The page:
|Shayla and Brandon Cox, rescue director for FREE International.|
While sex trafficking continues to exacerbate as a social ill plaguing the U.S., the sad fact remains that few facilities exist to restore those women and girls who have fled the clutches of their oppressors.
The need for shelters is increasing in part because awareness of the problem is growing. There has been a great push for training among law enforcement personnel as well as volunteers in the faith community, but many of the exploited still don't have a haven to go to once they escape their trafficked confines. Nationwide, there are less than 600 beds at residential treatment facilities in which teen girls can go to recover, according to the Polaris Project.
"There aren't that many more shelter beds in this country now than there were 10 years ago," says Michael Bartel, co-founder of FREE International, an Assemblies of God ministry assisting human trafficking victims. "Lots of places tried to launch but couldn't secure funding, while others opened briefly and then ran out of money. Sustainability is difficult."
Bartel is determined not to make the same mistake with FREE International's Oasis Services. FREE International is methodically gearing up to open an 18-bed shelter in southwest Missouri. It is poised to become one of the nation's premier shelters, where girls who have been commercially sexually abused can prepare to transition safely back into society.
FREE (which stands for find, rescue, embrace and empower) International will open Oasis as a holistic and restorative aftercare program specifically to house girls ages 10 to 18 for as long as two years.
"We don't want to be one of those groups that people rally around quickly but doesn't have the anchor for long-term sustainability," says Bartel, who already receives calls every week about placing a girl in the safe house.
FREE International has gained credibility by actively collaborating with government agencies, law enforcement officers, and churches in 20 states.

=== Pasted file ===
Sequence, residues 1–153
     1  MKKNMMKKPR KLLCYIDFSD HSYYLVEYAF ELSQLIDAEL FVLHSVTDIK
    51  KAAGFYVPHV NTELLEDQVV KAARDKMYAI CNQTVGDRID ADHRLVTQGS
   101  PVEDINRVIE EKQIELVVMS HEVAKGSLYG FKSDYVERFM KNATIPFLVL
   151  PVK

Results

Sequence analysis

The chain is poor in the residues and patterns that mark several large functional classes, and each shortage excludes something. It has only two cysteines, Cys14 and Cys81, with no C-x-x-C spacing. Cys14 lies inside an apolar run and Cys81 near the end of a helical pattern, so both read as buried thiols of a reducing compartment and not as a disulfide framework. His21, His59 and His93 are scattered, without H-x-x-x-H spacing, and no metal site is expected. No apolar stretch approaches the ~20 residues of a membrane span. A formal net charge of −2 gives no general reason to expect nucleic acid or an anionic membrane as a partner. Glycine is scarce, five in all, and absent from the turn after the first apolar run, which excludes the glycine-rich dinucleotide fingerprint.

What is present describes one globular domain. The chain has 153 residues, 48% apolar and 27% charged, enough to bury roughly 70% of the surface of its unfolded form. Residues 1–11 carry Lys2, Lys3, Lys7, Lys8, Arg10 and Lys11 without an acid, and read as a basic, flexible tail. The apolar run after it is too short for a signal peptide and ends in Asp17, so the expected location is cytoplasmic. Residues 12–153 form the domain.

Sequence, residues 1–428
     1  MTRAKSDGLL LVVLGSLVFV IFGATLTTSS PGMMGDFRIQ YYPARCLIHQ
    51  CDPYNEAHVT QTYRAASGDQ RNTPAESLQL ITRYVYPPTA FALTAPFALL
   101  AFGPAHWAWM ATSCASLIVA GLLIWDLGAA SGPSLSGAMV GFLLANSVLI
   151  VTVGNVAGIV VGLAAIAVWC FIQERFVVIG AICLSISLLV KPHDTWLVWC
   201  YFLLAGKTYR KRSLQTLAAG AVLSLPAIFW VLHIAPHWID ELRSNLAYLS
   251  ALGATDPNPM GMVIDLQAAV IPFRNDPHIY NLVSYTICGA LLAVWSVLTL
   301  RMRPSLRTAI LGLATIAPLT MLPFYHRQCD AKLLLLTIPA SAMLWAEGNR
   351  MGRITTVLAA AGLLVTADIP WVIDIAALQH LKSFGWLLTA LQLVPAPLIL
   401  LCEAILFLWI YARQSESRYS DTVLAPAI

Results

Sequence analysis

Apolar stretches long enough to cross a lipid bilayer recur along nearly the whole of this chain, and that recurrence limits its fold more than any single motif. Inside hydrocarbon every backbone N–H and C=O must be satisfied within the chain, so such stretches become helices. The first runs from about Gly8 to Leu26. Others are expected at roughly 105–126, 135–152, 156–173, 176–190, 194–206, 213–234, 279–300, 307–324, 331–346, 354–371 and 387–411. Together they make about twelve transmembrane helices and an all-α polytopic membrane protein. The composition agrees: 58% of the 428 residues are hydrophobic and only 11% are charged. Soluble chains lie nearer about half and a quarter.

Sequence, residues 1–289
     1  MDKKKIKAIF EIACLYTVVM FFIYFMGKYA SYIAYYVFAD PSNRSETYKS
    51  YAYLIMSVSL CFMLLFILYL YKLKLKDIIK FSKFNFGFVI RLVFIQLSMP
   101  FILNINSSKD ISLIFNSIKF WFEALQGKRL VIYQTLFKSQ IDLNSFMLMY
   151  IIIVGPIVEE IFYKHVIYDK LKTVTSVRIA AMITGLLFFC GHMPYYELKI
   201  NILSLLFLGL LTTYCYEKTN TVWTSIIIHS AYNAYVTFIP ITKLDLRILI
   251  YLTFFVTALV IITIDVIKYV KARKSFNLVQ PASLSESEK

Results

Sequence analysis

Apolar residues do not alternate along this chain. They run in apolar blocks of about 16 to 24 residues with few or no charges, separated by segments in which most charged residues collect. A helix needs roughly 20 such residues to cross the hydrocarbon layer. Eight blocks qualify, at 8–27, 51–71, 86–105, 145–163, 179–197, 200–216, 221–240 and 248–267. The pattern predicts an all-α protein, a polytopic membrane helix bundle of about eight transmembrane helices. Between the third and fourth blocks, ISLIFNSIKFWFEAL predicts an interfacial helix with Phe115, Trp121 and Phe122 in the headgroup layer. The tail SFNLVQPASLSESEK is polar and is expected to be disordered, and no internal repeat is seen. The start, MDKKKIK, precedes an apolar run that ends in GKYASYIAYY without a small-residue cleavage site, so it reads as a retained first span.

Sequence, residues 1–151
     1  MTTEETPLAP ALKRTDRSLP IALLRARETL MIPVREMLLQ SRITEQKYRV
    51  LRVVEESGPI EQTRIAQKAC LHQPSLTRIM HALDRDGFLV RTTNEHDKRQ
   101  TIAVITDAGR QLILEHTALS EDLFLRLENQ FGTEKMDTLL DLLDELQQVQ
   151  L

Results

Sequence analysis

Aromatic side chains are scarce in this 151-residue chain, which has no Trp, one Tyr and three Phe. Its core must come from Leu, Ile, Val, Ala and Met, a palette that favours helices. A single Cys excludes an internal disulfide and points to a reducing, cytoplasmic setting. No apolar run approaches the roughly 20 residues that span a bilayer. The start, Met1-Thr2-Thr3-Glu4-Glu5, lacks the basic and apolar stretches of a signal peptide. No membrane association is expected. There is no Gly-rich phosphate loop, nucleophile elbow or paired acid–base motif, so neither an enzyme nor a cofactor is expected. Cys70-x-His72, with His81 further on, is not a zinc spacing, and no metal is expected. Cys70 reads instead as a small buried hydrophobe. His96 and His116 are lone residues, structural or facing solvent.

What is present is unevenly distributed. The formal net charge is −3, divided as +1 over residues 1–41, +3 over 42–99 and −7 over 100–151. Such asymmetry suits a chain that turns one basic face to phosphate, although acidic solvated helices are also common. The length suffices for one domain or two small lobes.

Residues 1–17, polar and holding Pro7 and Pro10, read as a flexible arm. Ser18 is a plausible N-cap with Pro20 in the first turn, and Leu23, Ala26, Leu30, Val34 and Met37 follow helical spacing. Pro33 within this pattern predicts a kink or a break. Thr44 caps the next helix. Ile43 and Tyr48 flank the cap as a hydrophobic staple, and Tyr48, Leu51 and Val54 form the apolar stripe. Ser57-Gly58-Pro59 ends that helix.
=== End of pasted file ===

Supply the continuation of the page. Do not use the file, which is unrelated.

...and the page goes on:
The majority of costs to run a shelter involve employee compensation. Bartel and Brandon Cox, rescue director for FREE International, are exploring a variety of avenues to staff the facility.
"It is possible to create a collaborative structure through mutual parties that are invested — those who run the program, counselors, a foster care network," Bartel says. "We can have multiple highly competent, proven successful entities playing a role in the shelter — kindred-minded ministry partners under one umbrella. We have the right people who understand Kingdom mentality and who are great servants."
One of the most feasible strategies to get Oasis open may be to recruit existing AG U.S. missionaries who are skilled in areas that are needed, such as nurses, classroom teachers, and counselors. AG missionaries raise their own financial support; thus the Oasis wouldn't need to generate a large payroll for around-the-clock care that will be required.
Bartel and his wife, Denise, who are based in Las Vegas, founded FREE International in 2007. The ministry now has 22 team members, all of them self-supported. Cox and his wife, Shayla, who are AG U.S. Missions Intercultural Ministries candidate missionaries, joined in July 2013 to oversee the aftercare program for sex-trafficked survivors.
Brandon has a master's degree from Assemblies of God Theological Seminary and is a licensed professional counselor. Shayla, the daughter of AG world missionaries DeLonn and Valerie Rance, grew up in El Salvador, received her master's at AGTS, and is eager to work with girls at the shelter.